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Set-up Discs, Part Two: Dialing in the Anti-Skate

Another in our series of Home Audio Exercises.

I once adjusted my anti-skate while playing this very album, at the time dialing it in to a "T". Over the years I've found that the best test for fine anti-skate adjustment is massed strings, and not just at the end of a side but right at the beginning too.

When you have all the rosiny texture, the high-end harmonic extension, the least shrillness and the widest and deepest staging, you are there, assuming that tracking weight, azimuth and VTA are correct as well

Four variables to mess with is admittedly a bitch, but having the right record to test with is absolutely critical as well. Maybe we should call it five variables.

And if I only had one record to bring to someone's house in order to evaluate their equipment, this would certainly be a top choice. If you can make this record sound the way it should, your stereo is cookin'. If you are having problems, this record will show them to you in short order.

Brightness Brightness

Many copies are bright in the upper-midrange, sounding as nasally and artificial as a bad Mercury or London. Many lack weight down low; the lower strings and heavier percussion play a crucial role in balancing out the upper strings and lighter percussion. Otherwise the sound will be skewed upwards in an artifical way.

If your copy has either of these problems don't use it to set up or tweak anything in your system. Use one of our Hot Stampers, the hotter the better.

This is a superb Demonstration disc, but it is also an excellent Test disc. The sound of the best copies is rich, full-bodied, incredibly spacious, and exceptionally extended up top. There is a prodigious amount of musical information spread across the soundstage, much of it difficult to reproduce. Musicians are banging on so many different percussive devices (often at the back of the stage, exactly where they should be) that getting each one's sonic character to clearly come through is a challenge -- and when you've met it, a thrill.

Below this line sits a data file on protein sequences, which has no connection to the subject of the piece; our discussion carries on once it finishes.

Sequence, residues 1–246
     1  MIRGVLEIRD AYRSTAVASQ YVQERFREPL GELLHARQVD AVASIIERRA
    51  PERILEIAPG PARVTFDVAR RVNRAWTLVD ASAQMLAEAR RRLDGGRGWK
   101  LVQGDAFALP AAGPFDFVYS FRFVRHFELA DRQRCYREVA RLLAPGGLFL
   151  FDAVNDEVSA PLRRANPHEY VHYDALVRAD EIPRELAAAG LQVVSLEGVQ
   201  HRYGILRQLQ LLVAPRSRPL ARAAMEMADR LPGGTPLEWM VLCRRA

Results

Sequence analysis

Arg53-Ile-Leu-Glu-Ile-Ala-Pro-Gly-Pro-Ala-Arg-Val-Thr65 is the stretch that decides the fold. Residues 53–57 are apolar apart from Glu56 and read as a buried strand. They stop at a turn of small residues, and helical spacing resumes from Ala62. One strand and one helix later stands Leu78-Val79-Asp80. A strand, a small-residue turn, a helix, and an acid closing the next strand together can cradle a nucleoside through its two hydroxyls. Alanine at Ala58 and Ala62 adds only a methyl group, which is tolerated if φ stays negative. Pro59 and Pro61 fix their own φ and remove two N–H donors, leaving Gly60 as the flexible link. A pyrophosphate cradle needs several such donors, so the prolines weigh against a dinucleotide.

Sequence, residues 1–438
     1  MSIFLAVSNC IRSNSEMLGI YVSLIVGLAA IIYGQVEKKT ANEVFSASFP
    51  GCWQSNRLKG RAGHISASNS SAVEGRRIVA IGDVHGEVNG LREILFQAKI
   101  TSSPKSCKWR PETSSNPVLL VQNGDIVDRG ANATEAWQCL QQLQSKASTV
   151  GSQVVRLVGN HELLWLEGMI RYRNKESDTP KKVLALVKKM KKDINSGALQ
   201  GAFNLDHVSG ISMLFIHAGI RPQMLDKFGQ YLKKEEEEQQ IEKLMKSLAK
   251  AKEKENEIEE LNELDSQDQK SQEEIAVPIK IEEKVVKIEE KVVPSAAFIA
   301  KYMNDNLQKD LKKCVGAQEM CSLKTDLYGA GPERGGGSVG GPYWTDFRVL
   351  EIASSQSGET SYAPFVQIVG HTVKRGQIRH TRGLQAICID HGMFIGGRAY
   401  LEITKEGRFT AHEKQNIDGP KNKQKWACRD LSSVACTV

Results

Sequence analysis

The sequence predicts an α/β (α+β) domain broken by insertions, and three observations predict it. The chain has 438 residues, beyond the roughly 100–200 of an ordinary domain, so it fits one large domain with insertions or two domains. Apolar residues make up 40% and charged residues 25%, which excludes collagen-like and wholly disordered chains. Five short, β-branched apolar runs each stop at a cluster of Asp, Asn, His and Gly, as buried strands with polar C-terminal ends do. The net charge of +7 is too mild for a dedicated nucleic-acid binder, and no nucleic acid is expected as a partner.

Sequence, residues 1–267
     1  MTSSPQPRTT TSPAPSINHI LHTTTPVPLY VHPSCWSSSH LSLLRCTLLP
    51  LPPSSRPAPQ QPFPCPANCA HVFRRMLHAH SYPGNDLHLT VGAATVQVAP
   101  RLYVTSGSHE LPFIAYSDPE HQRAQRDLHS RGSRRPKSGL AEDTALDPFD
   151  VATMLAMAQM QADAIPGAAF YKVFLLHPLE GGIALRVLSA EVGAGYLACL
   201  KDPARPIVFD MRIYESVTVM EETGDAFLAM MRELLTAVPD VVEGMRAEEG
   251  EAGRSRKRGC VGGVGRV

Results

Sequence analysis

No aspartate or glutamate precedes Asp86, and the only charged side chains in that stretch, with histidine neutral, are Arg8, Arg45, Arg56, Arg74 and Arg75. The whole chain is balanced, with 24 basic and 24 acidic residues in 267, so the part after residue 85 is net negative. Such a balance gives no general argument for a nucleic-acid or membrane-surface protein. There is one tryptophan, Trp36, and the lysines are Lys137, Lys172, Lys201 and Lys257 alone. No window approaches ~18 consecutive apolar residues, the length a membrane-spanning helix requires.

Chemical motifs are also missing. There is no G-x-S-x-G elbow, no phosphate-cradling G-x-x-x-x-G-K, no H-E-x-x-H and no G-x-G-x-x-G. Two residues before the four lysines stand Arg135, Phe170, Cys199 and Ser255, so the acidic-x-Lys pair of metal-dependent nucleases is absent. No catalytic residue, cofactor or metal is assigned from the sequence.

If you've done your homework with VTA, Azimuth, Anti-Skate and Tracking Weight, this is the record that will make clear just how much you've accomplished.

Neutrality Is Key

But boy is it a difficult record to reproduce! You better have everything working right when you play this one -- it's guaranteed to bring practically any audiophile system to its knees. And if you have any peaky audiophile wire in your system, the kind that is full of detail but calls attention to itself, you are in big trouble with a record like this. More than anything this is a record that rewards your system's neutrality.

On the best copies the strings have wonderful texture and sheen. If your system isn't up to it (or you have a copy with a problem in this area), the strings might sound a little shrill and possibly grainy as well, but I'm here to tell you that the sound on the best copies is just fine with respect to string tone and timbre. You will need to look elsewhere for the problem.

The recording has tremendous transients and dynamics as well; be prepared to have trouble tracking it. In that respect it's a prime candidate for table, cartridge and system tweaking.

Our Difficulty of Reproduction Scale

This recording ranks high on our Difficulty of Reproduction Scale. Do not attempt to play it using any but the best equipment.

It took a long time to get to the point where we could clean the record properly, twenty years or so, and about the same amount of time to get the stereo to the level it needed to be, involving, you guessed it, many of the Revolutionary Changes in Audio we tout so obsessively. It's not easy to find a pressing with the low end whomp factor, midrange energy and overall dynamic power that this music needs, and it takes one helluva stereo to play one too.